Ethanol-based fuels for internal combustion engines have been available for roughly five decades. The State of California originated mandatory oxygenation of motor fuels, which includes ethanol-based fuels, partly to decrease the wholesale cost of fuel, and to a lesser extent to reduce air pollution per gallon of gasoline consumed. Effectively, since ethanol-based fuels have lower energy, pollution is generally increased per mile. A key benefit of ethanol-based fuels is that they have a slightly higher octane number than ethanol-free gasoline. This is the reason many oil companies provide high ethanol containing premium fuels and lower ethanol regular grades of gasoline. Renewable fuels made from some chemical species other than ethanol have been found to exhibit significantly higher octane numbers and increased energy per unit volume when compared to commercial fuels and ethanol-based fuels.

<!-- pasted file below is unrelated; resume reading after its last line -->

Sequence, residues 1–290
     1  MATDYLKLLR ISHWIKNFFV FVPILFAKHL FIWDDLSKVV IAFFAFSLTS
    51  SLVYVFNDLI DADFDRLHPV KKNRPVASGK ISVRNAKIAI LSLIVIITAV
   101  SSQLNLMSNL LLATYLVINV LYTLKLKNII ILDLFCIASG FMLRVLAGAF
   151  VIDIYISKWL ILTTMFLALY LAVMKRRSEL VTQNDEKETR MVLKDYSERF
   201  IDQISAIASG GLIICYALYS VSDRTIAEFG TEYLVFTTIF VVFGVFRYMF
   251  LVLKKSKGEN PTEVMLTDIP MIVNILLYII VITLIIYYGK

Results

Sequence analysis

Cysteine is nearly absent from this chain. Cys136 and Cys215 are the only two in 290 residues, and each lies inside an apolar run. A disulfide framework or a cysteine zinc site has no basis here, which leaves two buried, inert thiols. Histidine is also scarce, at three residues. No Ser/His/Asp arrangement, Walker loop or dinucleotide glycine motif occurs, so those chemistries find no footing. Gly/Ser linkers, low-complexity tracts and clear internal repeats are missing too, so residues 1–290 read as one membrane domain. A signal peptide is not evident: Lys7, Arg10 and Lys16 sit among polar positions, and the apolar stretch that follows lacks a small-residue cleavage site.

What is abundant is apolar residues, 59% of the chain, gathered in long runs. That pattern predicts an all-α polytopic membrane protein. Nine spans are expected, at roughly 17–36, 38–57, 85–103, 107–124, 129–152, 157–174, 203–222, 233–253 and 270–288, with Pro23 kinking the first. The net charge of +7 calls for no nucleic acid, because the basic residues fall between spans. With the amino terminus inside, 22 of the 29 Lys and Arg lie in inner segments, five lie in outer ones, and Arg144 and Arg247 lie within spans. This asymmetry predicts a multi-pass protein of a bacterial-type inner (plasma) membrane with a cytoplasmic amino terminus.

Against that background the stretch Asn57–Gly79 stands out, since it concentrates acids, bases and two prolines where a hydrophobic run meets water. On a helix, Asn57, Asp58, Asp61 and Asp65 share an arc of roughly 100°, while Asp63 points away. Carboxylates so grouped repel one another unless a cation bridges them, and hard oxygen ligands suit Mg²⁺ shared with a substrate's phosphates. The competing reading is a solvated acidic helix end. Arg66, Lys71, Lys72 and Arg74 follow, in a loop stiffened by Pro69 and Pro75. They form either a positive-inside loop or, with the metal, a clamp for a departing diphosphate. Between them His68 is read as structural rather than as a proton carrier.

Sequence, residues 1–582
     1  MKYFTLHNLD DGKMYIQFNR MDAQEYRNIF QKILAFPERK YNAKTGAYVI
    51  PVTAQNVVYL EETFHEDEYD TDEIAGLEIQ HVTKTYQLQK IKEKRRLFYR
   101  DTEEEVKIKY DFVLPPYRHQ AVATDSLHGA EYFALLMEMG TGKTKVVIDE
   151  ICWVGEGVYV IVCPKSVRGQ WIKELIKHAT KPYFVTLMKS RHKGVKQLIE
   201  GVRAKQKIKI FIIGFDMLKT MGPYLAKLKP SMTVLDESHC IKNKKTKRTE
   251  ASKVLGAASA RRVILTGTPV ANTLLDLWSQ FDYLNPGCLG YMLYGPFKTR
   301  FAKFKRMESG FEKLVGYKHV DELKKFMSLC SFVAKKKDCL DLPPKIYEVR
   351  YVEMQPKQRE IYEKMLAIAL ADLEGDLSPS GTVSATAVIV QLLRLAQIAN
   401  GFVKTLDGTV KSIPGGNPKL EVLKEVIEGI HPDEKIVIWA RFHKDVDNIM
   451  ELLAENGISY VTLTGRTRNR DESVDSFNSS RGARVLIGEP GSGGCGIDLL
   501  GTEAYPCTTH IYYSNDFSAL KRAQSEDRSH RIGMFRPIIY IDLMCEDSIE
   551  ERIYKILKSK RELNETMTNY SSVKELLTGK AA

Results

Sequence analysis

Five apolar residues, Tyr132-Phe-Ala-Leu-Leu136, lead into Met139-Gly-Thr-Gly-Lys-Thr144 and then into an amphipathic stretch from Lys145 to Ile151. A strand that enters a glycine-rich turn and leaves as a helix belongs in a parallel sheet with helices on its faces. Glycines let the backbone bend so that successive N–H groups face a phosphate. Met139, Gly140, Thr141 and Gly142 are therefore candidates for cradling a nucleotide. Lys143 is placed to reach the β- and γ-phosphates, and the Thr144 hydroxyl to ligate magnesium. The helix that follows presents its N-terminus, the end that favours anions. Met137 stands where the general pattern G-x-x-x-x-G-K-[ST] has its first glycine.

Octane (Power)

Octane number is a measure of the effectiveness of power production. It is a kinetic parameter, therefore difficult to predict. Oil companies compiled volumes of experimental octane data (for most hydrocarbons) for the Department of Defense in the 1950's. The method used to obtain this dynamic parameter is discussed in the next paragraph. 2,2,4-trimethyl pentane (isooctane) has a defined octane number of 100, and n-heptane has a defined octane number of 0, based on experimental tests. Octane numbers are linearly interpolated and extrapolated by this method; hence predictions for mixes can be made once pure sample values are determined.